05-24-2016 01:10 PM - last edited on 01-23-2017 02:16 PM by Ngaio-RO
I was really surprised to learn that my kids (who are not teenagers anymore) and their partners, all experienced bullying in high school and they feel really strongly that; parents shouldn't get the school involved and that it happens to everyone and you just have to get over it.
They all agreed that physical violence is unacceptable but name calling and being 'picked on' is just par for the course at highschool.
We talked about that fact that some kids are more resilient than others but I know that bullying can have really serious consequences for some kids. Is bullying just something that all young people have to go through? YM
05-24-2016 04:25 PM
05-24-2016 09:20 PM
I'm with @HalleysComet. I don't think bullying is ever ok, whether physical or verbal.
05-25-2016 12:21 PM
An interesting counterpoint @HalleysComet.
Where do you draw the line between bullying and mean behaviour?
Do you think there are antecedents to bullying that we can identify and work on with our children that prevent things escalating?
05-25-2016 07:37 PM - edited 05-25-2016 07:38 PM
This is a very interesting thread.
What do we do when one incident of mean behaviour affects a child pyschologically because of the severity and impact it has because of other things that has happened in that child's life?
Do we need to look at teaching more about empathy towards each other?
Everyone has their own personal stuff going on that others aren't aware of. As they say something that may seem insignificant could be the straw that breaks that camels back.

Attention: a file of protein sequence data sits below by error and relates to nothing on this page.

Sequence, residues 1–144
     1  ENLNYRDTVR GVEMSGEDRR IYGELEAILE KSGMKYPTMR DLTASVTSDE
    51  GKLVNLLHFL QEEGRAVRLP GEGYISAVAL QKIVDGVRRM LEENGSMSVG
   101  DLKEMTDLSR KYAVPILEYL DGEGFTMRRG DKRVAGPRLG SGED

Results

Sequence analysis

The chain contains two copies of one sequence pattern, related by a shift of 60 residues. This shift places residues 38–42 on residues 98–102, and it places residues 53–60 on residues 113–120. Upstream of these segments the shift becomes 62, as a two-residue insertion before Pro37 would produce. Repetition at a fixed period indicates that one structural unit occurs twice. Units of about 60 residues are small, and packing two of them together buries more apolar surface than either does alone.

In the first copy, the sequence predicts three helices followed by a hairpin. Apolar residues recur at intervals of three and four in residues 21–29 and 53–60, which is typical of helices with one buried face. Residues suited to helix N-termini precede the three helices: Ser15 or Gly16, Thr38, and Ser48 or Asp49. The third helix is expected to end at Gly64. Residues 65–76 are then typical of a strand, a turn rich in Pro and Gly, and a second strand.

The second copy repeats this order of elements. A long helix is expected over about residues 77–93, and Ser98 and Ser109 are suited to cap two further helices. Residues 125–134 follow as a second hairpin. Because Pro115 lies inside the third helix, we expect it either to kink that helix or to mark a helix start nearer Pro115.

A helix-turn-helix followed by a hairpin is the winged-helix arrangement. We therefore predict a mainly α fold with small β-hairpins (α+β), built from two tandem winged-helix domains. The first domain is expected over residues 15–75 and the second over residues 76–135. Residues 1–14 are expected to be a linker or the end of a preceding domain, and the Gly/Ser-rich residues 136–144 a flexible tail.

05-26-2016 06:45 PM
01-23-2017 01:02 PM - edited 01-23-2017 02:16 PM
Now seems a good time to kick-start this conversation and see what others think.
I agree with @HalleysComet that there seems to be a tendency to apply the word bullying to behaviours that may have been called mean or unkind, in the past. I wonder if this is due to teachers and schools feeling that parents will pay attention if they say "those kids are being bullies" rather than "those kids aren't being nice". That parents might be more inclined to intervene when the B word is used but they will write it off as "kids being kids' if it's called something else.
I'm interested to hear what others think but I believe that parents of kids who have experienced bullying behaviour will say that it goes far beyond kids just not being nice to each other.
Is there a risk of watering down the impact of the term if we over-apply it?
I'm keen to hear what others think.
09:00AM to 11:00PM
We are not a counselling or crisis service and we can't guarantee you'll get a reply, so if you need to talk nowClick here for help
The current time is Mon, 3:03 AM
(Australian Eastern time)